Noida: The soul-stirring music seemed to reach up to the heavens as 1,200 sitarists played together to create a scintillating symphony here on Friday evening, holding the audience spell bound.
The 1,200 artists from different parts of the country, along with over 50 musicians from seven countries around the world, played at the Brahm Naad concert organised by the Art of Living Foundation. Besides the sitarists, there were artists playing the mridangam, narangi, flute, ghatam, tabla and key-board. The proceeds of the show will go to help Bihar flood victims.
The performance went on for over two hours.
STRINGS MELODY: Besides the sitarists, there were artists playing the mridangam, narangi, flute, ghatam, tabla and key-board.
“It’s a lovely sight and a spectacular event. I have seen shows in Asia, but this one is truly marvelous," said Sarika Oberoi, 26, a music lover.
"The symphony is so well orchestrated that one can just immerse in the sea of music for hours. You just couldn’t ask for more. It’s so refreshing. It should surely be placed in the music records of the world.”
Another music lover, Jaspreet Kaur said: “After Greek musician Yanni’s concert at the Taj Mahal 11 years back in March, 1997, this kind of show has come up for the first time in the country.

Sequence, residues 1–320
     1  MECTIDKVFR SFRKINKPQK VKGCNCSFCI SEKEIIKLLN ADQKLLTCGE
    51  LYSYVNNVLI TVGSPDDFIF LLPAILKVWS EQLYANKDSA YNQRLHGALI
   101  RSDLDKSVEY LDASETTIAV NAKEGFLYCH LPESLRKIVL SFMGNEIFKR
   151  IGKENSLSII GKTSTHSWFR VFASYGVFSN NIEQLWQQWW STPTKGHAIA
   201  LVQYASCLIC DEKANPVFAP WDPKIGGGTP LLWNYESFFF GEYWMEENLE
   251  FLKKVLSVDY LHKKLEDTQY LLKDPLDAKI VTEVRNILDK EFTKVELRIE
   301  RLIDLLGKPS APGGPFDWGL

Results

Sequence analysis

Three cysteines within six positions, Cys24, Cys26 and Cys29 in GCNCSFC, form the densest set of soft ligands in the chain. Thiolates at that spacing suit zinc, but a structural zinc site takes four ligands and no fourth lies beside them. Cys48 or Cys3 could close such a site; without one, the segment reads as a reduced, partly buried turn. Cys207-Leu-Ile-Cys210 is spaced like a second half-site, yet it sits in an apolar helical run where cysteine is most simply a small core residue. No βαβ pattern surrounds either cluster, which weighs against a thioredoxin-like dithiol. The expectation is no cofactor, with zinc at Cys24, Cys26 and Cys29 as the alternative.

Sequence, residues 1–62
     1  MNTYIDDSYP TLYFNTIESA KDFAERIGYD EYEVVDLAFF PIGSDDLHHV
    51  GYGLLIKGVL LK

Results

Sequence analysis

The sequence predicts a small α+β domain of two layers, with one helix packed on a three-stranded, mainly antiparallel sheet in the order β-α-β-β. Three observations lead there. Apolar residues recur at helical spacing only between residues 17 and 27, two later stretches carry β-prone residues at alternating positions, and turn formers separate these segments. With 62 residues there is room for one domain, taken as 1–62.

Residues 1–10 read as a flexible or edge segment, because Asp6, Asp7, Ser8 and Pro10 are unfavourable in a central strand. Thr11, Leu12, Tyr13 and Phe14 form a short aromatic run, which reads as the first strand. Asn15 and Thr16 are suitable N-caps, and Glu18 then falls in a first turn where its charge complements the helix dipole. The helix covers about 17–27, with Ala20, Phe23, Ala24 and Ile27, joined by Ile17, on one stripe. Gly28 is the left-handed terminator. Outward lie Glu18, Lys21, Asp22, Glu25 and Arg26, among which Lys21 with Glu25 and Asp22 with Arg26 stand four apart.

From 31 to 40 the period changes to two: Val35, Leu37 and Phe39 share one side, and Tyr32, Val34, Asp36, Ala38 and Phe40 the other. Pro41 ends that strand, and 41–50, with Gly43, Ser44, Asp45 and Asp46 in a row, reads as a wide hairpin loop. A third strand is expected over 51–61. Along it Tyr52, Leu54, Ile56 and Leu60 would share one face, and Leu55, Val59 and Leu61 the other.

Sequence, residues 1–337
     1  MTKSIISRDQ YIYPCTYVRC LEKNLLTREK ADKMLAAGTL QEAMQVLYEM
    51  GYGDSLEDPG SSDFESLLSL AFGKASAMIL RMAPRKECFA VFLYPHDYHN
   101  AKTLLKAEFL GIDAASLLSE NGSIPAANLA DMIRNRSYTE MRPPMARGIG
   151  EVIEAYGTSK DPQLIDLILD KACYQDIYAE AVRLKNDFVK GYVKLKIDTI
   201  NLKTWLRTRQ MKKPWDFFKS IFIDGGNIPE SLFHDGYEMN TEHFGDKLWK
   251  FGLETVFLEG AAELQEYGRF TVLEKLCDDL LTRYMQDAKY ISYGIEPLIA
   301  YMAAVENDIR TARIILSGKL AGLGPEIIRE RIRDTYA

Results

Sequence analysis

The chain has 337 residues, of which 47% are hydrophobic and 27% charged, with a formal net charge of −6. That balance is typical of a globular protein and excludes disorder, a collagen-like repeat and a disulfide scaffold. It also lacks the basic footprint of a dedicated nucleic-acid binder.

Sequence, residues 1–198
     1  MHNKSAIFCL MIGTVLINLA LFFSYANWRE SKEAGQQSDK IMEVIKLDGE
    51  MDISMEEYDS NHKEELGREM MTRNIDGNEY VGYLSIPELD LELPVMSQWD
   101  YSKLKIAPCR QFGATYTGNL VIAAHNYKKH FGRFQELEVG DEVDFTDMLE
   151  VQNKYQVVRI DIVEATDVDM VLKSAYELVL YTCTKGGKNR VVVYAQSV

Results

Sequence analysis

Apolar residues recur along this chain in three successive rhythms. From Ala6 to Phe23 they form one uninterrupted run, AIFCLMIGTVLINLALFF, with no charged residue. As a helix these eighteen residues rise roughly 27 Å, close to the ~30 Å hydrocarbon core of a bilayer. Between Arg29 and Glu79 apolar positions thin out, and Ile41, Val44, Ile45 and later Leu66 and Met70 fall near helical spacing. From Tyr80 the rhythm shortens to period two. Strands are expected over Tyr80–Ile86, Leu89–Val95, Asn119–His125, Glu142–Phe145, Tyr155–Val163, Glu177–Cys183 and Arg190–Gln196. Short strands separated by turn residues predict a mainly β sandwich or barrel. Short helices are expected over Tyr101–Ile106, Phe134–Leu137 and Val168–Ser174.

And Noida couldn’t be more proud than to have hosted such a grand event. I would always cherish this day.”
A five-member team from the Guinness Book of World Records reviewed the show, Sangeeta Anand, chief coordinator-Art of Living Foundation, said.
“All these artists gathered here voluntarily to perform together. It is for the first time in the history that so many artists have come and performed under the same platform. Of these artists, two are child prodigies - one a six-year-old and another just seven years. Besides, we also have a woman sitarist who is on dialysis and took part in the show.”
Some of the guests at the event included noted Odissi dancer Sonal Mansingh, sitarist Ravi Shankar, flautist Hari Prasad Chaurasia, among others. Over 100,000 visitors came to watch the show that was conducted jointly with the Ministry of Tourism and Culture.
The dais was set on about one acre in the shape of a staircase, with the stairs ranging from 7 feet to 21 feet in height.